Summer reading recommendations for girls (and boys?)


Here are some summer reading books that I LOVE! Some of them girly, some insightful, some scary, some sexy...

The Pigman:Beautiful, touching book

For sophomores John and Lorraine, the world feels meaningless; nothing is important. They certainly can never please their parents, and school is a chore. To pass the time, they play pranks on unsuspecting people. It's during one of these pranks that they meet the "Pigman"--a fat, balding old man with a zany smile plastered on his face. In spite of themselves, John and Lorraine soon find that they're caught up in Mr. Pignati's zest for life. In fact, they become so involved that they begin to destroy the only corner of the world that's ever mattered to them. Originally published in 1968, this novel by Pulitzer Prize-winning author Paul Zindel still sings with sharp emotion as John and Lorraine come to realize that "Our life would be what we made of it--nothing more, nothing less."

White Oleander: One of my favorites :) much more incredible than the movie

Astrid Magnussen, the teenage narrator of Janet Fitch's engrossing first novel, White Oleander, has a mother who is as sharp as a new knife. An uncompromising poet, Ingrid despises weakness and self-pity, telling her daughter that they are descendants of Vikings, savages who fought fiercely to survive. And when one of Ingrid's boyfriends abandons her, she illustrates her point, killing the man with the poison of oleander flowers. This leads to a life sentence in prison, leaving Astrid to teach herself the art of survival in a string of Los Angeles foster homes.

Dangerous Angels: The Weetzie Bat series! This book changed my life in so many ways.

"We cheer for these young women and men as they struggle with the universal trials of growing up, finding love, and letting go--all within the vivid, glittering, urban embrace of Los Angeles. Block's stories about finding yourself, being true to your dreams, and believing in what might seem impossible will inspire teens and adults alike with the resounding messages of hope and the transformative power of love."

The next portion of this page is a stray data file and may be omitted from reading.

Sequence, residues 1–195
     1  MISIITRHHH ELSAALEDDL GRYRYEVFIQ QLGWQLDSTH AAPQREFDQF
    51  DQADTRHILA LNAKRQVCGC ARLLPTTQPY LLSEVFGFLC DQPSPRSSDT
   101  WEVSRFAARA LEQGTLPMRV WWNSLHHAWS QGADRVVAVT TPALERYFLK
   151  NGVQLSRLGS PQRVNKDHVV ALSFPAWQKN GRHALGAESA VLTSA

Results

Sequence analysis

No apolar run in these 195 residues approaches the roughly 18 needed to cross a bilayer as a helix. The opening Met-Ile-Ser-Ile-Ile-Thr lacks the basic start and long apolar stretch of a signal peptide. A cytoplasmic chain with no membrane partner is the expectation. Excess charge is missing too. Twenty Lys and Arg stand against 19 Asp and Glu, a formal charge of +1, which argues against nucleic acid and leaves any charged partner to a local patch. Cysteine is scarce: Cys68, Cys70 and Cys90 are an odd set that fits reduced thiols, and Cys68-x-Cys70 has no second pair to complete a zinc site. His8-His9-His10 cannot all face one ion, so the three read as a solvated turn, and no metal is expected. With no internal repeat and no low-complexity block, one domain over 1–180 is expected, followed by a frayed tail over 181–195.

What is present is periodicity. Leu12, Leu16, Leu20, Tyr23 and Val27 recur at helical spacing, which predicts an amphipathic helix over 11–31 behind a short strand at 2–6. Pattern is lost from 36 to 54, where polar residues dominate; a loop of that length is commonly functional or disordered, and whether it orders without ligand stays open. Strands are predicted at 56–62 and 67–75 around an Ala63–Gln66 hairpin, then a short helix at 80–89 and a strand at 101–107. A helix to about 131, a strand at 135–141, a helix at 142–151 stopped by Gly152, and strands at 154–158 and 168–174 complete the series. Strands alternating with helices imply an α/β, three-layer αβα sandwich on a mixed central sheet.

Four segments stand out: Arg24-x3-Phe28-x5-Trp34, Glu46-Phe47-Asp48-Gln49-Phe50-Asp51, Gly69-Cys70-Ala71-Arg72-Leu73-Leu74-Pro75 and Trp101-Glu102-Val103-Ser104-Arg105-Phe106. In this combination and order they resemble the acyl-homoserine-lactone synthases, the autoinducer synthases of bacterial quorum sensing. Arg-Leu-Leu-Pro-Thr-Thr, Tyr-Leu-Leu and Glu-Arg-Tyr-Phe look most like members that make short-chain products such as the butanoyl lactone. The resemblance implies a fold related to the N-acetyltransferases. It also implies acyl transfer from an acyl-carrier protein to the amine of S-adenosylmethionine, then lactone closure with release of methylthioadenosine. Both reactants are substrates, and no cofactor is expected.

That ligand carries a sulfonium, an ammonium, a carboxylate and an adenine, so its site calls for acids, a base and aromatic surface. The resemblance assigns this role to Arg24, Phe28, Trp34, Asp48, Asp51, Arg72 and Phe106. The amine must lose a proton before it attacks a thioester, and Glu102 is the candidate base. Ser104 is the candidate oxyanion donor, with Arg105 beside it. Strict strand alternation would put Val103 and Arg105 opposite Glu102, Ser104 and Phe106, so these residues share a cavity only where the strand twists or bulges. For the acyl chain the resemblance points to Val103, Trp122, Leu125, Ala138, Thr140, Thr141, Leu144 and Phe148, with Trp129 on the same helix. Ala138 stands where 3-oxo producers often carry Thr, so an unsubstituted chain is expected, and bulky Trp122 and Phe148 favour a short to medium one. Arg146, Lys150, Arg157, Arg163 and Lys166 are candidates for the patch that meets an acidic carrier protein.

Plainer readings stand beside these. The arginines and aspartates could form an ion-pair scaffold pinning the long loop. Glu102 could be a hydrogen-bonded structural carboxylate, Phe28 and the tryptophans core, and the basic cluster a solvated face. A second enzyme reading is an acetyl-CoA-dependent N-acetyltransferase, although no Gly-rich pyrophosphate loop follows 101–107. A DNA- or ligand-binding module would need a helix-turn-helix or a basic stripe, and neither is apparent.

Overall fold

Summer Sisters: I have read this book about a million times. If you are a girl and haven't read it, read it. It's a really girly coming of age story.

the author again explores the ramifications of love--and lust--on two friends. Initially, the differences between Caitlin Somers and Victoria Leonard (or "Vix," as Caitlin christens her) draw them together: privileged Caitlin is wild and outspoken, beautiful but emotionally fragile, while working-class Vix is shy, reserved, and plain in comparison. After Caitlin selects Vix to accompany her to her father's home in Martha's Vineyard for the summer, the two become inextricably connected as "summer sisters."

The essential Rumi: His poetry has saved me through best and worst of times.

Rumi's voice leaps off these pages with an ecstatic energy that leaves readers breathless. There are poems of love, rage, sadness, pleading, and longing; passionate outbursts about the torture of longing for his beloved and the sweet pleasure that comes from their union; amusing stories of sexual exploits or human weakness; and quiet truths about the beauty and variety of human emotion. More than anything, Rumi makes plain the unbridled joy that comes from living life fully, urging us always to put aside our fears and take the risk to do so.